Finally, with attackers dispersed and properly positioned, both the second and third attackers must offer mobility to force the opposition to continuously reorganise itself to deny options for penetration. If all else fails, we return to the first attacker who must improvise if there are no obvious avenues for progressing the attack. Typically, a less creative player will simply attempt a speculative shot or pass intended to just get the ball upfield, but with the right players, these moments of desperation can inspire a stroke of genius.
In response to the above progression, the defending team will exercise the appropriate defensive principles to negate each action in an attempt to eventually force an error from the attack:
First, the defender nearest to the ball becomes the first defender. It is now his responsibility to immediately position himself to delay any immediate attempt at penetration from the first attacker as his teammates reorganise. Positioned correctly with adequate cover behind him, he may also begin to pressure the first attacker, though he should be careful not to overcommit if his teammates have not yet consolidated into a good defensive posture.
Away from the ball, the second and third defenders should immediately move to consolidate defensively. First, the second defenders nearest to the ball must provide cover to the first defender to support his efforts at delaying, isolating and pressuring the first attacker. Meanwhile, the third defenders must reestablish balance to the team’s shape and keep space around the ball as compressed as possible to prevent too great a gap from opening up ahead of the defensive line.
At this point, the team will have consolidated defensively, and the first attacker will find it difficult to advance the ball in a direct path towards goal. The defence will then either gradually retreat into a deeper defensive block (allowing controlled penetration towards their goal but ensuring the team can maintain consolidation in the event of a direct pass) or maintain its current position in an effort to win back the ball. However, in either case, maintaining consolidation requires continuously observing the other principles, and to do so properly, the defenders must remain disciplined and practice restraint in response to every development in play.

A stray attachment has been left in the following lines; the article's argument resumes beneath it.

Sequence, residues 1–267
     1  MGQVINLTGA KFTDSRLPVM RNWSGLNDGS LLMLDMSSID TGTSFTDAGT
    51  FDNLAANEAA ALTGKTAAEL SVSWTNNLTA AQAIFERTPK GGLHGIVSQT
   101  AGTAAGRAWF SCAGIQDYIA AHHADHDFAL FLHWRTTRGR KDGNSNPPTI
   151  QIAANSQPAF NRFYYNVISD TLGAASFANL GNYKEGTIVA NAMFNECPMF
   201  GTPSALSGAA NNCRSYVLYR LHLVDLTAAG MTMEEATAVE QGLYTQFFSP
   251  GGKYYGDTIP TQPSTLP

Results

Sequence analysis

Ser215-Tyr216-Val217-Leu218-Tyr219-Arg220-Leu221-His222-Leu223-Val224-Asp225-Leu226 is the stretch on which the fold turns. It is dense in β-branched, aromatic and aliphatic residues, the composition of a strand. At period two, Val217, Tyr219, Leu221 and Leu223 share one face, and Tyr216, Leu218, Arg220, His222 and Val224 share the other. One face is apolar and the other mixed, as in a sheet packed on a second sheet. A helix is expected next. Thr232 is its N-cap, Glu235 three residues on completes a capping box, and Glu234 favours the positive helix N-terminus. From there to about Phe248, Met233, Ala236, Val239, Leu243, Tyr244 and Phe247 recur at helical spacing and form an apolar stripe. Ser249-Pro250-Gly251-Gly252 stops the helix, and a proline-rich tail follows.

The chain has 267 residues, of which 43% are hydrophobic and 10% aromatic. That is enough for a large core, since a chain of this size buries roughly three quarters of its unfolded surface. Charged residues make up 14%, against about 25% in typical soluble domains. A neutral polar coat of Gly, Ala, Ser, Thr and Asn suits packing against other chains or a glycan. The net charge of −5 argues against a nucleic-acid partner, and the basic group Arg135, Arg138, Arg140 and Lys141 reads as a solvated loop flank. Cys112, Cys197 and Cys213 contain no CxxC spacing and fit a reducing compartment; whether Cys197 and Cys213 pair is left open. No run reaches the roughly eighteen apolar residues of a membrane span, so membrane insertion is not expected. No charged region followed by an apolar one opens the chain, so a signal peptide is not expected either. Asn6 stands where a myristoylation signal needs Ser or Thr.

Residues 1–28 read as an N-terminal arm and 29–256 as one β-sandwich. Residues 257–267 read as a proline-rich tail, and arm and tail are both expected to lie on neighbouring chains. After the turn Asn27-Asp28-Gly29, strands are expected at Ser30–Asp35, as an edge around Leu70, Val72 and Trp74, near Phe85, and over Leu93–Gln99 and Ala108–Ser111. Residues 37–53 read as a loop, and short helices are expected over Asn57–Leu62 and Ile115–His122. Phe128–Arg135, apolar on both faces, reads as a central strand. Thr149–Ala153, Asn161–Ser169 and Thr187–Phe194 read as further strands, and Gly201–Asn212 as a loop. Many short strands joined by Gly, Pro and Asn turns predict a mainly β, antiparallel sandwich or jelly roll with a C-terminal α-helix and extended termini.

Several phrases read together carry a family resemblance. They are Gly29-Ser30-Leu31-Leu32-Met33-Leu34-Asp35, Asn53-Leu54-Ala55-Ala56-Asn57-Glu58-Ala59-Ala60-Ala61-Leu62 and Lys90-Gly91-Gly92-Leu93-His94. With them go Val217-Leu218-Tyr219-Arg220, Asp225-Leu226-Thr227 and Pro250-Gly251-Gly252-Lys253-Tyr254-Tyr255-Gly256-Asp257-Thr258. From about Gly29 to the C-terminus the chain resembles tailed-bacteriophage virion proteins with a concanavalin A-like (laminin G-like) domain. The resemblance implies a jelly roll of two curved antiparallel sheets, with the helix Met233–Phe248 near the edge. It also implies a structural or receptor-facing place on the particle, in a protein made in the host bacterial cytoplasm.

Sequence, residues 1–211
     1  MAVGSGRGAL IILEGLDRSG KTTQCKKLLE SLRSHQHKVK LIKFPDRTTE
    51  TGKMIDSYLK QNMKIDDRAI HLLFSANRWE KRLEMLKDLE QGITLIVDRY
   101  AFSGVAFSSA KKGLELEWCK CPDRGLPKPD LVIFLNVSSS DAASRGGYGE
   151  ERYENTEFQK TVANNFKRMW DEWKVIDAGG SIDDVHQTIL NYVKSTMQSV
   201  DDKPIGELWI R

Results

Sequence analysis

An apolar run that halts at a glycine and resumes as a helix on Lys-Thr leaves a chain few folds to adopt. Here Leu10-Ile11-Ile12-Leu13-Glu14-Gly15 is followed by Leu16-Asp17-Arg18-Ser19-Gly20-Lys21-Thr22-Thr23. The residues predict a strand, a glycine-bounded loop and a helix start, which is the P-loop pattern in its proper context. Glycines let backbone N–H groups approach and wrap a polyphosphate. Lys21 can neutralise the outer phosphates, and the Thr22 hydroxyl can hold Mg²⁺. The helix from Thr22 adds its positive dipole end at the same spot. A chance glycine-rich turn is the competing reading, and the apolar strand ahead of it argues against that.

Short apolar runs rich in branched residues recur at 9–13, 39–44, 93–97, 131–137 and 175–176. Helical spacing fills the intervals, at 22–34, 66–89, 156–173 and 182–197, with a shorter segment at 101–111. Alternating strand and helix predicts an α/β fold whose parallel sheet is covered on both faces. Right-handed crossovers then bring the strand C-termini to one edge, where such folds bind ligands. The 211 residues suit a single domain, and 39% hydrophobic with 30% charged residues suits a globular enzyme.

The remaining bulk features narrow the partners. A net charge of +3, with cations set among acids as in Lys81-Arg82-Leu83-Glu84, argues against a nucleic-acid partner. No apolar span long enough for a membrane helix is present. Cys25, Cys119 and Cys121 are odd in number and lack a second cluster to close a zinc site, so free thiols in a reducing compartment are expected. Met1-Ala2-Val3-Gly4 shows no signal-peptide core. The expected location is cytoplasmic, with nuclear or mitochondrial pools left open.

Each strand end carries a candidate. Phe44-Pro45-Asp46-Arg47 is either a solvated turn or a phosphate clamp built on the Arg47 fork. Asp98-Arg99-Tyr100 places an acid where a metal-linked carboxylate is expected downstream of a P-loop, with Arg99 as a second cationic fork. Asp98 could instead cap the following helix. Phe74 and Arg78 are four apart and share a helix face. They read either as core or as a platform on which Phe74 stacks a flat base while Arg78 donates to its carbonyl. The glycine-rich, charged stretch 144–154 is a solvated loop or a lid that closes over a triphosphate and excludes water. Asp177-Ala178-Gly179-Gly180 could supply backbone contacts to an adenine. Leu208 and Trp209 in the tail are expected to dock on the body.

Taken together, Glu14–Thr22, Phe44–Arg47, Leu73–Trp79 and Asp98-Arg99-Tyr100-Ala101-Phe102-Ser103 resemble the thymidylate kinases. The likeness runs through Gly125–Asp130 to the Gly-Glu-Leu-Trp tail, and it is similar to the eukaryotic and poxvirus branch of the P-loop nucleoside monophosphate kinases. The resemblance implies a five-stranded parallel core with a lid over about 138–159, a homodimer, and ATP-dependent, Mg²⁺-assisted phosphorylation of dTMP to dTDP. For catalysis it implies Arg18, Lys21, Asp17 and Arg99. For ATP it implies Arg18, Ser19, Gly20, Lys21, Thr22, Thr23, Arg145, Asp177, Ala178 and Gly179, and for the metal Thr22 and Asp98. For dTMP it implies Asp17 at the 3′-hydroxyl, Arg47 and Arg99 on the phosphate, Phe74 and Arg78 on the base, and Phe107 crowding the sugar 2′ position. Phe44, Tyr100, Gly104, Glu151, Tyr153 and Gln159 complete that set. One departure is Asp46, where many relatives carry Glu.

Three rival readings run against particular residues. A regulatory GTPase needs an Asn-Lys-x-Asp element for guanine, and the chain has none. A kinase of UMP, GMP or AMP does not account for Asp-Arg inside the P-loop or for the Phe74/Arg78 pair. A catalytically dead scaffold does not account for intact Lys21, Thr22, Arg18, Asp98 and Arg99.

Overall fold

In any stretch of open play, the above sequence serves as a blueprint outlining each player’s responsibility at any given moment. When reading a game tactically, the central question that comes up at every moment is whether players are adhering to the relevant principles of play. If not, the manager must then ask himself whether this is due to players simply making the wrong decision, the players lacking the ability to carry out the relevant principle in the current circumstances, or the tactical system & style imposed by the manager creating a tactical weakness by directing too many players towards different responsibilities.
From this vantage point, the cause of common tactical problems can be identified:
If first attackers are hesitating to exploit gaps and giving the opposition defence time to consolidate, the manager may need to encourage more ambitious efforts at penetration.
If attackers are making rash decisions and losing the ball unnecessarily, the manager may need to encourage more patience in maintaining possession.
If the attack is becoming too compressed and lacks options for playing a direct pass between or behind the lines, the manager may need to provide more depth in attack.
If the attack is becoming too concentrated and lacks any space to advance the ball forward, the manager may need to encourage more width in attack.
If an attacker is getting isolated against multiple defenders, the manager may need to provide more support around him.
If the second and third attackers are comfortably being marked out of the game, the manager may need to encourage more mobility.
Finally, if the attack is just too predictable, the manager may need to allow more improvisation.
Conversely, if first attackers are beating defenders and dragging them out of position too easily, the opposing manager may need to encourage the defence to try to delay them and wait for cover.
If first attackers are being given too much time to control and pick out passes, the opposing manager may need to encourage the defence to focus more on quickly pressuring them.
If attackers are finding too much space to receive and control passes ahead of the defensive line, the opposing manager may need to encourage the defence to compress space more readily.
If attackers are finding it too easy to drag central players wide or switch the point of attack into dangerous areas, the opposing manager may need to balance the team’s shape more effectively.
If attackers are finding it too easy to bypass a defender with simple passing plays, the opposing manager may need to offer him more cover in front of or behind his defensive zone.
If attackers are finding it too easy to make direct plays into space in front of goal, the opposing manager may need to take more measures to ensure the defence consolidates quickly.
Finally, if defenders are losing discipline and making elementary mistakes, the manager may need to encourage more restraint.
A manager should always keep in mind that finding the best solution is not simply a question of looking at tactics in abstraction. The individual quality and abilities of the players must always be considered. The theoretically appropriate response to a tactical problem is utterly irrelevant if the players available are simply incapable of properly implementing it. In those situations, a team may be better off just playing to their strengths while an astute manager with a nuanced understanding of the cause and effect of different patterns of play will be able to come up with alternative solutions.